Gimme a C (for Collaboration!): Tech Clubs

SPLC Wordly

By Alexa Newman

Technology Club is a partnership between the Algonquin Area Public Library District and local elementary schools. Our Youth Technology Librarian visits schools once a month, working with the school librarians to lead club meetings. Students have the opportunity to participate in STEM enrichment programs and work with other technology their schools may not own. Some of the different programs include squishy circuits, light painting, brush bots, spheros, ozobots, and coding.

Currently, 24 students from two district schools participate in Tech Club. In order to participate, students must be in grades 3 to 5 and fill out the school’s club registration form. The school librarian tracks membership. Tech Clubs meet once a month after school. Meetings take place in the school libraries and generally last for one hour. The library provides the hardware, supplies, and tech expertise and the school provides the meeting space, supervision, and school supplies like paper, markers and pencils.

Planning time for each month’s meeting is variable. Currently, our Technology Librarian plans the projects, but they are frequently programs we’ve already held at the public library, so planning time in those cases is minimized to gathering and preparing supplies. The school librarians are responsible for promoting the meeting and making sure the students attend. The cost to run the club each month usually runs between $0 to $50. This is for materials only, and does not factor in staffing costs. For the most part we reuse supplies that we already have. The collaboration between the schools and public library probably saves hundreds of dollars for the schools, since we bring fairly expensive tech tools that they don’t have to purchase. This frees up their budget for other needs.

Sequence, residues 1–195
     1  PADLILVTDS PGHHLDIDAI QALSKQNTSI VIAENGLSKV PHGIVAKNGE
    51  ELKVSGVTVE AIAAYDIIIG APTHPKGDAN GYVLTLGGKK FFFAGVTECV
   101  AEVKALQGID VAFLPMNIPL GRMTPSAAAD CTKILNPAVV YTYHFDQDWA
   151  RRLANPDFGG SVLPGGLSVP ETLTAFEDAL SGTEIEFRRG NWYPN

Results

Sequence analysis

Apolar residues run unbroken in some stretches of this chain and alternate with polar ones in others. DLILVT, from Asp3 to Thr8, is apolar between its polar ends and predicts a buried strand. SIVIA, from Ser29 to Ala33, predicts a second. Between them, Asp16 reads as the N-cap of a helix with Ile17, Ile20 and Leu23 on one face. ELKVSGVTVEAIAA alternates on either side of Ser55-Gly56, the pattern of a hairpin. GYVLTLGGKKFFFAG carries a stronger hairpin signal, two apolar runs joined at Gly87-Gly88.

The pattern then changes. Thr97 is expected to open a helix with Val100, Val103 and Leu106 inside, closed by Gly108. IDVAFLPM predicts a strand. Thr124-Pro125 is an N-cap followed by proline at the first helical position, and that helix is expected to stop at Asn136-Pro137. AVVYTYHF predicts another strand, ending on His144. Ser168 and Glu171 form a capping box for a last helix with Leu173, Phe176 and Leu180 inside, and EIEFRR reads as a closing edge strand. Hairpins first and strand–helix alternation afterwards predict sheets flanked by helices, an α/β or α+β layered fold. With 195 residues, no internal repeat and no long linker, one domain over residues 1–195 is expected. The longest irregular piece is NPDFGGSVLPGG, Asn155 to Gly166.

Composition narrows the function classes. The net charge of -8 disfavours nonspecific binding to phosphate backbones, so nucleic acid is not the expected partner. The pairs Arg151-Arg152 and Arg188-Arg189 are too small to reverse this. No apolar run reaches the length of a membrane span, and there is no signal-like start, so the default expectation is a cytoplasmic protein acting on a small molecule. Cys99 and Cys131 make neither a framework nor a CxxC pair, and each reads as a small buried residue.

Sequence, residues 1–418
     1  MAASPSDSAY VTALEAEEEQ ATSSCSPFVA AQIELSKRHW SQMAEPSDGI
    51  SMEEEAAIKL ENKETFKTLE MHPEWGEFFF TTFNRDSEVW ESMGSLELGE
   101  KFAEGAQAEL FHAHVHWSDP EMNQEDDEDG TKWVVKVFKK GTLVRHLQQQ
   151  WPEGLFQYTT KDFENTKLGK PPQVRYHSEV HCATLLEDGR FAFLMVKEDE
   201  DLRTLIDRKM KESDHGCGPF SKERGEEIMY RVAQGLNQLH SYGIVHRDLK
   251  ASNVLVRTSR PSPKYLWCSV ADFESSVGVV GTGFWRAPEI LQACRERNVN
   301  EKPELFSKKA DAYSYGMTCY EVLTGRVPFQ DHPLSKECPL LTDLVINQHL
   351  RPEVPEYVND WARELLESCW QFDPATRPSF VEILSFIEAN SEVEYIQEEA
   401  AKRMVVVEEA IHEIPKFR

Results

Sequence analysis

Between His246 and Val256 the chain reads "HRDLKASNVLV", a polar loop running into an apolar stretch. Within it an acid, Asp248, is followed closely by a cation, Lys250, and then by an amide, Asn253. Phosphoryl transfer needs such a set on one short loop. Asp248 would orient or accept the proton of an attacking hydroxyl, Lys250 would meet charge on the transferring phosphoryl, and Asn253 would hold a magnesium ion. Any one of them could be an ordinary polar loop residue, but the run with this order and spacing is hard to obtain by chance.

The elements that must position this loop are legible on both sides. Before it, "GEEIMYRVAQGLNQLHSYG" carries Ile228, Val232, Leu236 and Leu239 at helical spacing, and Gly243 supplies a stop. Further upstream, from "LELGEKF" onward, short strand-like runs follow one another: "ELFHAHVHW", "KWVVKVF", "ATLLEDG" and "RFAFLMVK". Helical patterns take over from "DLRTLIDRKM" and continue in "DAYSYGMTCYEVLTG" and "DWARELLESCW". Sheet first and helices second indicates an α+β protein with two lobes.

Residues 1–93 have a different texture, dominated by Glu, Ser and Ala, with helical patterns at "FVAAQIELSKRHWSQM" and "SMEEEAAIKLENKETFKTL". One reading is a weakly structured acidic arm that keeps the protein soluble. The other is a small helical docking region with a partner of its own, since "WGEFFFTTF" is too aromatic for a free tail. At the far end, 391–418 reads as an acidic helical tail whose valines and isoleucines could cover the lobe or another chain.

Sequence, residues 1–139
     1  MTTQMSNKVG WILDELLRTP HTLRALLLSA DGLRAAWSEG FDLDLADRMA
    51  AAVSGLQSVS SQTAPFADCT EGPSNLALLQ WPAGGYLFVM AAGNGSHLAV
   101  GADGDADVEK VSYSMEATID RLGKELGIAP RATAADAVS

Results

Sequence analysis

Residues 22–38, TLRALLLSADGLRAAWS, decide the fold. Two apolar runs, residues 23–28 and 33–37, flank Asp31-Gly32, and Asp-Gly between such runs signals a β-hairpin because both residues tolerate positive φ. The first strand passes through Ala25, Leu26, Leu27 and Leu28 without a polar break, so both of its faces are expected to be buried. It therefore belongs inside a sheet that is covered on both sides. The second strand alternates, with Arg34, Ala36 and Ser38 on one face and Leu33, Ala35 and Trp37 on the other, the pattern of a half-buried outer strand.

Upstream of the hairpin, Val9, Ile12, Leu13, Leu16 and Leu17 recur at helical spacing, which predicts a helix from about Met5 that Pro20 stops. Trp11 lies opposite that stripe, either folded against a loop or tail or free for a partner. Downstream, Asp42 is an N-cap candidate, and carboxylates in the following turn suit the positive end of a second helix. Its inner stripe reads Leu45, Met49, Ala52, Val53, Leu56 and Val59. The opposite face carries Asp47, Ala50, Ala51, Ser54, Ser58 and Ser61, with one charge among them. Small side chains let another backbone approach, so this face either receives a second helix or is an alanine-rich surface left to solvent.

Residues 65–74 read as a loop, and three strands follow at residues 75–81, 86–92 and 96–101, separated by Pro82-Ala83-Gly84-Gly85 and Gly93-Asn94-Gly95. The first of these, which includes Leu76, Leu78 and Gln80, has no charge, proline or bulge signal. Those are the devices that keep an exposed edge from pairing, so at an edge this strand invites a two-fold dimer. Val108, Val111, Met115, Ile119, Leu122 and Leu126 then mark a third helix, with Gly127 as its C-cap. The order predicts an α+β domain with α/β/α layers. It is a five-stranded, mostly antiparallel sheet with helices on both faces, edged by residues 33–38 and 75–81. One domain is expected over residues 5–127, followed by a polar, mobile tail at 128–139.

Tech ClubThe Tech Club partnership is a symbiotic relationship–each side gains from the collaboration. The result is a connection to the school and the public library supporting our community’s education. One of the primary benefits for the public library is the fact we are able to provide support to our elementary school programs and build connections between the students and the library. One of the leading benefits to the schools is that the are able to offer free programs that supplement their STEM program.

What advice can we offer to librarians wanting to start their own Tech Club? Well, the most challenging part is getting your foot in the door. Reach out to your counterpart (whether in the school or public library) to see if you can get a meeting. Be prepared with ideas that can show them how easy and inexpensive it is for them. And remind them of the most important part–that the students benefit the most! 

Alexa Newman is a Youth Services Library for the Algonquin Area Public Library District in Illinois. She is a member of the AASL/ALSC/YALSA Interdivisional Committee on School-Public Library Cooperation and regularly blogs for ALSC. 

Categories: Blog Topics, Community/Teacher Collaboration

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